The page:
I felt so alone in the early days of moth­er­hood

My friends had travel and par­ties on their minds, not dirty nap­pies

The Irish Times - Tuesday - Health - - Front Page - Jen Ho­gan

I’ve never been one for my own com­pany – not in large quan­ti­ties of time any­way. It’s prob­a­bly just as well be­cause these days, as a mother of seven, go­ing to the loo with­out an au­di­ence or tak­ing a shower with­out an avalanche of chil­dren burst­ing through the door wail­ing “he breathed/looked/farted at me” are dis­tant mem­o­ries. As, ob­vi­ously, are keys in the door.

Much as I adore my chil­dren (in spite of their om­nipres­ence and con­stant in­ter­rup­tions), there was a time I found par­ent­hood ex­cru­ci­at­ingly lonely. I loved my job and dreaded my first ma­ter­nity leave, even though I was in­cred­i­bly ex­cited to be­come a first-time mum.

I was liv­ing in a new area where I knew no one. I was the first in my fam­ily to test the un­charted wa­ters of par­ent­hood. And my ex­ist­ing friends, who lived a dis­tance away any­way, had travel, night­clubs and par­ties on their minds, rather than dirty nap­pies and sleep­less nights.

I have never felt as alone as I did in those early days of par­ent­hood.

I stum­bled through new ex­pe­ri­ences and self-doubt as I strug­gled to get this most im­por­tant of jobs right. I planned an out­ing most days, al­beit alone with my baby, but some­times the ef­fort to get out the door meant those best-laid plans never came to fruition, so my home be­came some­thing of a pri­son – a lonely pri­son, the si­lence bro­ken only by the sound of a baby cry­ing and, fre­quently, her mum too.

And though I longed for vis­i­tors, none came, be­cause peo­ple were too busy get­ting on with their own lives. The vil­lage it al­legedly takes to rear a child was miss­ing in ac­tion and I was a lone sniper.

No cav­alry

I took a while to fully ap­pre­ci­ate the less col­lab­o­ra­tive ap­proach to par­ent­hood that ex­ists these days and to re­alise the com­pany I longed for would need to be ac­tively sought rather than by wait­ing for the cav­alry to ar­rive. I needed a tribe – a tribe of mums – but I needed a tribe with whom I had more in com­mon than just hav­ing given birth. Be­cause I didn’t fun­da­men­tally be­come a dif­fer­ent per­son when moth­er­hood came knock­ing.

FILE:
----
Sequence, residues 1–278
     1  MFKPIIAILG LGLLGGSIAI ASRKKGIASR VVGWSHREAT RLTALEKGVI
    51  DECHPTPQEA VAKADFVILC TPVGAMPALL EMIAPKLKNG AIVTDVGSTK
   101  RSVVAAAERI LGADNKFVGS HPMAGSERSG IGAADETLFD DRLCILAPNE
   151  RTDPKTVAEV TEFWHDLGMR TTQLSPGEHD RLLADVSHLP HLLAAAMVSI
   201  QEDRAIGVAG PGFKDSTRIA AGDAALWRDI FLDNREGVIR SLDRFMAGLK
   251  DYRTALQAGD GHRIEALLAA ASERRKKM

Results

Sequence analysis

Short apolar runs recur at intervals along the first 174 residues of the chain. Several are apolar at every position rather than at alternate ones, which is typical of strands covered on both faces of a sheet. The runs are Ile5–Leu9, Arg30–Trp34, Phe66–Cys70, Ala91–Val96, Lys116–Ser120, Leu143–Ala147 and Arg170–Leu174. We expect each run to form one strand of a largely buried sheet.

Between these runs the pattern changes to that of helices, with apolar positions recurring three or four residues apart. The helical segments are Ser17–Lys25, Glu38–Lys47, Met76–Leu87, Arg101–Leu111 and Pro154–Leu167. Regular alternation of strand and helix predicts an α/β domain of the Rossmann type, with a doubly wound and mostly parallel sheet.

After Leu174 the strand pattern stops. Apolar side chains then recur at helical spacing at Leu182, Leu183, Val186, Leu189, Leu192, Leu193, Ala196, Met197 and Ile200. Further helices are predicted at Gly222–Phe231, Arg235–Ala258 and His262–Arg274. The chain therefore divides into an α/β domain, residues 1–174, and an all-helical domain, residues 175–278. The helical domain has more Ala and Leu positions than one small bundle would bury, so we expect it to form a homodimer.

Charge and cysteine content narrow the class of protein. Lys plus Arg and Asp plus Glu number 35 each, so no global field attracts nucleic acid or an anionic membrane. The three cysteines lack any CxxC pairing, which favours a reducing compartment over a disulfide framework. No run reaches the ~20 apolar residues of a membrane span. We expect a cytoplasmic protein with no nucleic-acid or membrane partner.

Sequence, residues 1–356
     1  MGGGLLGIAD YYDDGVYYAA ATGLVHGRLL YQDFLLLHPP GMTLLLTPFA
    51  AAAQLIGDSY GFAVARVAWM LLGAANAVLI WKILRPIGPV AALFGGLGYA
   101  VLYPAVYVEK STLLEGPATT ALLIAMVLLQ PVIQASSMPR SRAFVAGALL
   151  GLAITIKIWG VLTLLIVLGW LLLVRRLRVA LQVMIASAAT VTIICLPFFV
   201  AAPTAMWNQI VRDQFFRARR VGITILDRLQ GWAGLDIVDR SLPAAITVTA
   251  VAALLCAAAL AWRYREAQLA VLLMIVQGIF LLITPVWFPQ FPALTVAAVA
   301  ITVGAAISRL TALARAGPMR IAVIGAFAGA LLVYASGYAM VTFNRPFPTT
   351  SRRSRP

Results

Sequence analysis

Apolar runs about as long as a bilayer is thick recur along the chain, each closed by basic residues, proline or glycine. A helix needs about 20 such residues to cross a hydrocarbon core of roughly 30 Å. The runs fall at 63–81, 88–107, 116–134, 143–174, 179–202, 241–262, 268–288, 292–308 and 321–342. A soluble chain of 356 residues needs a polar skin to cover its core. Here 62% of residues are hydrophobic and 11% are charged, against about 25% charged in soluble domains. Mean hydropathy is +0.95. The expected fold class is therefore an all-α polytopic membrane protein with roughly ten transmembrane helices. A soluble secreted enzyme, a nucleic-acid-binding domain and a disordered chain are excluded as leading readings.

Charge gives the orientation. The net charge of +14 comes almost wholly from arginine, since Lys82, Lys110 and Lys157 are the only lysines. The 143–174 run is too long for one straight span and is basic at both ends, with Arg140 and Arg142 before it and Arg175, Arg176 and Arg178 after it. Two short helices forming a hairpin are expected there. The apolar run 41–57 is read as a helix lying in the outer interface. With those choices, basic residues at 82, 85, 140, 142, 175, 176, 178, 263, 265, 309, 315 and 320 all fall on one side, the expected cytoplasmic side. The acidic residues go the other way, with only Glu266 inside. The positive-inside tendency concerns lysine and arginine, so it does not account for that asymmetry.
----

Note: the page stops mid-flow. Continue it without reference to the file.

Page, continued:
Ex­pe­ri­ence brings a de­gree of con­fi­dence but it doesn’t nec­es­sar­ily bring any more vis­i­tors knock­ing sec­ond and sub­se­quent times around – be­cause you’re no longer a new­bie to the moth­er­hood game. It’s fig­ured you know the score – and hope­fully what you’re do­ing.

I wor­ried a lot about lone­li­ness again when I made the move to work­ing from home. The thoughts of no col­leagues or friends for com­pany or cof­fee breaks filled me with dread, even if the pay-off was a more man­age­able home-life bal­ance. With many of my friends who had stayed at home de­cid­ing to head back to work now that their chil­dren were older, the prospect of hav­ing to pro­cras­ti­nate alone was ter­ri­fy­ing.

Be­cause even though as “your woman with all the kids”, I know more par­ents than I’d ever have thought pos­si­ble, many of these par­ents wouldn’t be quite sure how many chil­dren I ac­tu­ally have, just that “it’s a load”. As a busy so­ci­ety, we don’t know much about the in­tri­ca­cies of

I wor­ried a lot about lone­li­ness again when I made the move to work­ing from home. The thoughts of no col­leagues filled me with dread

the lives of peo­ple we ex­change niceties with on the school run or in the su­per­mar­ket and park.

Even now, avoid­ing lone­li­ness takes a con­certed ef­fort. Sev­eral of my hob­bies and per­sonal out­lets have fallen foul to the ever-chang­ing de­mands and time com­mit­ments of par­ent­hood. So, re­cently I joined a book club – some­thing this very proud mammy of seven would have pre­vi­ously dis­counted, con­sid­er­ing it al­to­gether too “mam­my­ish”.

It seems I was wrong – it’s the per­fect de­gree of mam­my­ish. I haven’t man­aged to fin­ish sev­eral of the books, but they for­give me, ap­pre­ci­at­ing the work­load in­volved with my fam­ily – them be­ing moth­ers and all them­selves.

We chat and laugh about much more than books – be­cause we’re a tribe, sub­tly watch­ing out for each other, check­ing in be­tween meet­ings and bond­ing over wine, choco­late and mixed views about Fifty Shades of Grey!

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